A childhood on one of Britain’s most deprived and drug-riddled estates left 20-year-old Joseph Poola unable to read and badly equipped to make his way in the world

Avoiding gangs, crime and years in jail was a question of A-B-C for Joseph Poola. A childhood on one of Britain’s most deprived and drug-riddled estates left him unable to read and badly equipped to make his way in the world. But today he is at university studying computer systems engineering and looking forward to a life of freedom.

Joseph, 20, saw his chance and seized it. Luckily he grasped that learning to read would be really exciting. Hanging around in gangs without a clue about all the fantastic things going on in the world is boring. And it feels great to have a sense of direction and discipline.

He will always be grateful to two people who set up a no-nonsense and strict Saturday school on his estate to teach youngsters to read and write.

Joseph said: “When I was younger I was not interested in learning but the school changed all of that for me.

“So instead of sitting at home on a Saturday morning watching television or roaming the streets causing trouble, I was learning to read properly.”

Joseph, who got three A-levels and a place at the University of Kent, attended the voluntary sessions for two years up to the age of 10.  The Butterfly Saturday Reading School is run on a shoestring by volunteers in a converted shop in the heart of the Mozart Estate, once dubbed crack city, in Queen’s Park, North West London.  The area has double the national rate of free school meal entitlement. Many children on the estate come from homes where one or even both parents cannot read or write.

The school is the brainchild of musician Roger Diamond, and former local councillor Katie Ivens.  Since it started in 1999 it has benefited more than 2,000 children. Dozens have gone on to university.  Joseph said: “Most of the time my friends were on the streets messing about. I didn’t want that. Many were involved in gangs. But I was never interested in all that either.”

Joseph added: “I could have easily slipped into a life of trouble. I didn’t, thanks to the help I got from Roger and Katie.”

Roger recalled how it all began: “We got fed up with the number of kids roaming the streets committing petty crime and generally being a nuisance.

“The council brought in security guards to go on patrols and after a while the boys started to talk to them. One day a guard asked the boys, ‘What do you want to do? Shall we set up a football team for you?’ “I was staggered by the answer. They said what they really wanted was to learn to read and to have help with their homework.”

Roger and Katie set up the charity Real Action, and launched the school.  The atmosphere is strict.  Children are disciplined if they step out of line. Katie said: “The teacher is authority and takes the class standing at the front. Children sit at desks and look at the teacher. Many of them tell their parents they prefer this to their normal school.”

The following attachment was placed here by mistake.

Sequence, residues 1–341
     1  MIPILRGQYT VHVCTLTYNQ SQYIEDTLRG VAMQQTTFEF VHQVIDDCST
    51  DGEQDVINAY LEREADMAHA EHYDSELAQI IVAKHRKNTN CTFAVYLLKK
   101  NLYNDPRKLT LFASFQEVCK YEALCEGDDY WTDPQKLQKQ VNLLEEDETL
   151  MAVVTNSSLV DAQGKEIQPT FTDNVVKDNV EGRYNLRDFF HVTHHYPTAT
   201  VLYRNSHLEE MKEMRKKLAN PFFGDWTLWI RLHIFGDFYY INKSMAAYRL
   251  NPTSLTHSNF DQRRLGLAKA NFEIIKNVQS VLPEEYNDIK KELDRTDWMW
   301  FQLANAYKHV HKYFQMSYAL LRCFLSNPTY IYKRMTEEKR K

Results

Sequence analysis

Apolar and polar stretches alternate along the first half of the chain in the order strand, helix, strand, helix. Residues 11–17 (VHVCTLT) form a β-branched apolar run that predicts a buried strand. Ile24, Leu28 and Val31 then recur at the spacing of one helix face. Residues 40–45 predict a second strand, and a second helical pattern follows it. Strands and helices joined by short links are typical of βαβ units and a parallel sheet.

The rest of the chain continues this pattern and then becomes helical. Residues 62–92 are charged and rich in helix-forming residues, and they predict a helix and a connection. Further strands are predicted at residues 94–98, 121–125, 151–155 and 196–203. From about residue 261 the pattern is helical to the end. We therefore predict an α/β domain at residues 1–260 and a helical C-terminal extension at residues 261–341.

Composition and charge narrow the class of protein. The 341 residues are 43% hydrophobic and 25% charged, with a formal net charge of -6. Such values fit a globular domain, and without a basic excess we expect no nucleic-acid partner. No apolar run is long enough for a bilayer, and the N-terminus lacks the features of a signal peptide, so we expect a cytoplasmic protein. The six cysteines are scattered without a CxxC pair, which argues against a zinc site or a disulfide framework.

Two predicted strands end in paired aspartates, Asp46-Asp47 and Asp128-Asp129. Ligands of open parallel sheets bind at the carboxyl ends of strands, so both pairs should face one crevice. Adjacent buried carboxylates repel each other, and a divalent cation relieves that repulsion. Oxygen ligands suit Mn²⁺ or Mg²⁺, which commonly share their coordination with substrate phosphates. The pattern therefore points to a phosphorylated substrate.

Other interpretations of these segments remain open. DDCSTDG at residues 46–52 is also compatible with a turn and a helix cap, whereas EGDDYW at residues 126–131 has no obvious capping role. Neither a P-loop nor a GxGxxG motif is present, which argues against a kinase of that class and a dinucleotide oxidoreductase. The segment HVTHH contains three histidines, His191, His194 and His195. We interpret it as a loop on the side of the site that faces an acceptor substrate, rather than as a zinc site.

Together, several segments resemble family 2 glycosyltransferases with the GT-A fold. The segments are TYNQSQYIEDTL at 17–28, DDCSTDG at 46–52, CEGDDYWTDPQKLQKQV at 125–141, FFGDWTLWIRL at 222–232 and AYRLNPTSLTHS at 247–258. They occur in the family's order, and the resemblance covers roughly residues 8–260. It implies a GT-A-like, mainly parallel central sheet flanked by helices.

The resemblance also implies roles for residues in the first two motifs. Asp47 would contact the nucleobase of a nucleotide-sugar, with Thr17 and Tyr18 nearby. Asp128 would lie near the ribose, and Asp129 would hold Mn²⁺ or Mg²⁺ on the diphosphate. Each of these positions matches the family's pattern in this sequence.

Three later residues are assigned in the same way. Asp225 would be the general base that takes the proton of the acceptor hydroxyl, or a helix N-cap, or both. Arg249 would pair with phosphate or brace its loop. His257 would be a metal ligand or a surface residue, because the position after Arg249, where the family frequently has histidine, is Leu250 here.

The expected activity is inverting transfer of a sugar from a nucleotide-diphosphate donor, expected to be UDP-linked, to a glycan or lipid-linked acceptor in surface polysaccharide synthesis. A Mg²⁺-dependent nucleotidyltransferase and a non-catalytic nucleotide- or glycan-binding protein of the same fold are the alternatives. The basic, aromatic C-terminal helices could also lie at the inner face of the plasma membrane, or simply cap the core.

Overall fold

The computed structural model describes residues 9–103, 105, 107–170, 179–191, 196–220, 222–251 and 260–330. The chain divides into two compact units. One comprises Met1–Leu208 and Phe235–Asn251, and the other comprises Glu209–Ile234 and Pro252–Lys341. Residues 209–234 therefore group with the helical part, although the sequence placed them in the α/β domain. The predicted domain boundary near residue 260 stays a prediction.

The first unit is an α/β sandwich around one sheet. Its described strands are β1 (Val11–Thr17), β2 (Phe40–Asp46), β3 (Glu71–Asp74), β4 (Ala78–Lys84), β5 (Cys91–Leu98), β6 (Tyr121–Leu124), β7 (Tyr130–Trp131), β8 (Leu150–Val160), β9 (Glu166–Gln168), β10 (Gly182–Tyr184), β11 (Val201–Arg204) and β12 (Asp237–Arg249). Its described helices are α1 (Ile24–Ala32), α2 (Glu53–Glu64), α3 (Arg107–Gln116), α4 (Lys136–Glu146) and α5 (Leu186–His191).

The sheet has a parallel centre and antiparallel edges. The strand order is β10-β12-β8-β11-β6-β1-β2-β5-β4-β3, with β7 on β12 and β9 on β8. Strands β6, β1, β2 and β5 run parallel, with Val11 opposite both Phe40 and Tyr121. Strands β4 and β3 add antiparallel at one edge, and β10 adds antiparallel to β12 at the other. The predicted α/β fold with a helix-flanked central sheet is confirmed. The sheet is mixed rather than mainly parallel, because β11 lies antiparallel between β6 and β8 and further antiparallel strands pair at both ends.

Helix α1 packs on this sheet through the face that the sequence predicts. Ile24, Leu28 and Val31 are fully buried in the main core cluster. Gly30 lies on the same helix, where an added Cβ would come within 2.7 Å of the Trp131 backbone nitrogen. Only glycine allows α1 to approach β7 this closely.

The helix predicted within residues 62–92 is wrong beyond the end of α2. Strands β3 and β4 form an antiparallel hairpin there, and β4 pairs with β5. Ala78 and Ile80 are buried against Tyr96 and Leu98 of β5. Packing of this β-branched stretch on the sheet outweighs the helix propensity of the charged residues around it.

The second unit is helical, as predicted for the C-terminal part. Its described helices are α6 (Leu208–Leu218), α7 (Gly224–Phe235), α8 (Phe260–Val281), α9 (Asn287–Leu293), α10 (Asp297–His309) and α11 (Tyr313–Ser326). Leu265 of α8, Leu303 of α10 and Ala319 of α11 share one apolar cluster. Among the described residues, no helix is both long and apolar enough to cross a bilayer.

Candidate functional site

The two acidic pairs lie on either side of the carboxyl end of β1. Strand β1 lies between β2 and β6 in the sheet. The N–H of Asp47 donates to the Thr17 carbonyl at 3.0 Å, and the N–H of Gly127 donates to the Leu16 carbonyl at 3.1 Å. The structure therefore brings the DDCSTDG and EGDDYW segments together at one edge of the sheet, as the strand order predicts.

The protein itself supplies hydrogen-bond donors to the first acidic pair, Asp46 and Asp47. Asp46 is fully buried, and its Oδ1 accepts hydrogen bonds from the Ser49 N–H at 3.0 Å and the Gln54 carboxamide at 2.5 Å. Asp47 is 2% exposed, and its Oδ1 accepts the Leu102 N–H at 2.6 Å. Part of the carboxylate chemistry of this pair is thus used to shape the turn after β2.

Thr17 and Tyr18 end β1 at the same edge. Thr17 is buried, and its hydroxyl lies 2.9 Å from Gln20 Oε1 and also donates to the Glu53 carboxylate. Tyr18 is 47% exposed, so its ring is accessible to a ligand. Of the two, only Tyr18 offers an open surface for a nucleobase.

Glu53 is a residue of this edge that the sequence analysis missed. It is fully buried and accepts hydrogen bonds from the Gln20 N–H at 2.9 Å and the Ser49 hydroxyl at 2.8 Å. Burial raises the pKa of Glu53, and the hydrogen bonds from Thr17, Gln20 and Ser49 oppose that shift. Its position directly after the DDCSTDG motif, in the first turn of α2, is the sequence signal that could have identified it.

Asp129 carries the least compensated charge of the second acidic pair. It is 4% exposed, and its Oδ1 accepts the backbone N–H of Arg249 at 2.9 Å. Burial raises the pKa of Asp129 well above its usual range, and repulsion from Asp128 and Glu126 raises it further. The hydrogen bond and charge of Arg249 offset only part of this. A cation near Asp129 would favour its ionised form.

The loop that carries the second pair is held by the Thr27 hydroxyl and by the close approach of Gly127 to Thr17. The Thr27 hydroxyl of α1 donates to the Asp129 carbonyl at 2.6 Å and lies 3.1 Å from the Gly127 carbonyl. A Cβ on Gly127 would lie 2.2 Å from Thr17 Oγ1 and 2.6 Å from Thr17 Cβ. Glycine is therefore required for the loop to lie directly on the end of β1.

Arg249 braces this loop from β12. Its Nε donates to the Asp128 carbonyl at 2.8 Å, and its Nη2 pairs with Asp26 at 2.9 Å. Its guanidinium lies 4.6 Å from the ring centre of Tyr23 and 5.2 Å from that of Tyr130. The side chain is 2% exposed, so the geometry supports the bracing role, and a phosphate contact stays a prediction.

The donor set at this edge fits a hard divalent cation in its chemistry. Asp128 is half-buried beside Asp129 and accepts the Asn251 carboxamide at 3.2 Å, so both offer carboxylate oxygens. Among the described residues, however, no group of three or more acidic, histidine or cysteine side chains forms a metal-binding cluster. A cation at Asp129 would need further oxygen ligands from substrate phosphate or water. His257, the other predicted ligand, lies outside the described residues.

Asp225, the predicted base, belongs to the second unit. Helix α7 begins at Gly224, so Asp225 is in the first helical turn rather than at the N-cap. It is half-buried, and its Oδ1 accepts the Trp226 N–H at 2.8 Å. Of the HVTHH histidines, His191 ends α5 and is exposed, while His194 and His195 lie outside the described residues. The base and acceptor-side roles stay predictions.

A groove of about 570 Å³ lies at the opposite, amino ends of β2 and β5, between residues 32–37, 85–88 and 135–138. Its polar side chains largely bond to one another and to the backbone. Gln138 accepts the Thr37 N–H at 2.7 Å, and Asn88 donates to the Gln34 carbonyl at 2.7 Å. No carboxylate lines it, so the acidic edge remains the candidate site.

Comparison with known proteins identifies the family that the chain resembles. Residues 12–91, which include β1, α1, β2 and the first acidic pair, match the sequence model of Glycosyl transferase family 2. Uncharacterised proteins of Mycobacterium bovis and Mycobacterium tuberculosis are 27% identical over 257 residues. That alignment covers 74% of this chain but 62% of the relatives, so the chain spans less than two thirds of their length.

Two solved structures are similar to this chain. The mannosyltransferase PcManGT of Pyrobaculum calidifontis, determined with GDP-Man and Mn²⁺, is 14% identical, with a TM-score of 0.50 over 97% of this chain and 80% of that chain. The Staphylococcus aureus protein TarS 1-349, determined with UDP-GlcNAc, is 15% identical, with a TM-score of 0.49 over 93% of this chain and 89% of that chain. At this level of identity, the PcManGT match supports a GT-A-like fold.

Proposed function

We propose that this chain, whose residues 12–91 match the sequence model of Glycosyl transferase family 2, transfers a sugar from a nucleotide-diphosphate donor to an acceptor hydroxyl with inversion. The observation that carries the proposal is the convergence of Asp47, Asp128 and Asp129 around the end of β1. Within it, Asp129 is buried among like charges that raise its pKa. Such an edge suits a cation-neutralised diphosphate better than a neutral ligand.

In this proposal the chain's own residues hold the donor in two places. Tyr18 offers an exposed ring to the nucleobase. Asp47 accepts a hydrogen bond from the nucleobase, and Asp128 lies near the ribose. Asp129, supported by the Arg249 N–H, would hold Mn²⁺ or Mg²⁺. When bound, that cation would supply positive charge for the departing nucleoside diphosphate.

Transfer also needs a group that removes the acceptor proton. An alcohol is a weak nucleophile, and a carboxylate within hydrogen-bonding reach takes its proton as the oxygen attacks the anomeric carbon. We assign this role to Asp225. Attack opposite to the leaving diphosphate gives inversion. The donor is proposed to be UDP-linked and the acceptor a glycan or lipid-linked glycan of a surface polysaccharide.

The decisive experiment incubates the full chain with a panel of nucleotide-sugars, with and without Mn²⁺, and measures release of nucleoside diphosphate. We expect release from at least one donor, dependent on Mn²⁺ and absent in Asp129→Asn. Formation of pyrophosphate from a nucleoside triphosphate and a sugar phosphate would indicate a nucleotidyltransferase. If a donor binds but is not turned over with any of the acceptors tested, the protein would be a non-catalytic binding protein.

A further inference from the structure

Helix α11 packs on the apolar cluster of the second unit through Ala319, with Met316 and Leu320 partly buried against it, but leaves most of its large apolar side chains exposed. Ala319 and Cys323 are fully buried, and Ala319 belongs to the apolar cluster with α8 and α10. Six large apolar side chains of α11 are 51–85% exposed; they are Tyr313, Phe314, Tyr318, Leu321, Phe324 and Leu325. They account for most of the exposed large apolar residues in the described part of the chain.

Roger added: “Children like discipline – in the right context. They realise they need a direction.

“For years we have had people who were extremely challenging but they would still come every Saturday.

“And we are not shy to put them under heavy manners.”

The school asks parents for a £5 voluntary donation for each pupil but no child will ever be turned away.  Every week nearly 100 come along, some aged three, divided into several classes. They are taught to read using a phonic method, where sounds are represented by letters, and how to blend the sounds to make up words.

Successes include a six-year-old Mongolian boy who went from being illiterate to achieving a reading age of eight within nine months.  A boy of 10 from Ghana was struggling to make out words on a page before his Saturday classes but is now devouring Harry Potter books.  A brother and sister, 18 and 14, arrived with limited reading skills but he now has a place at Brunel University and the girl is writing a novel.  Both returned to join the ranks of volunteer teachers – like Patrick Ighodaro, 23, who grew up in the area. He said: “I was just looking for a volunteering job and I love children so this is perfect for me.”

Katie said: “The children gain an average of 14 months’ reading age in just 20 hours’ teaching. It’s a very powerful programme. Lots of parents said it made a big impact.”

Education Secretary Michael Gove said: “I’m a huge admirer. Kate Ivens’s approach to teaching is inspirational and secures great results.”

A second Butterfly school has been opened in nearby Notting Hill and more are planned nationwide.

Article by Pamela Owen, published in The People on 7 October 2012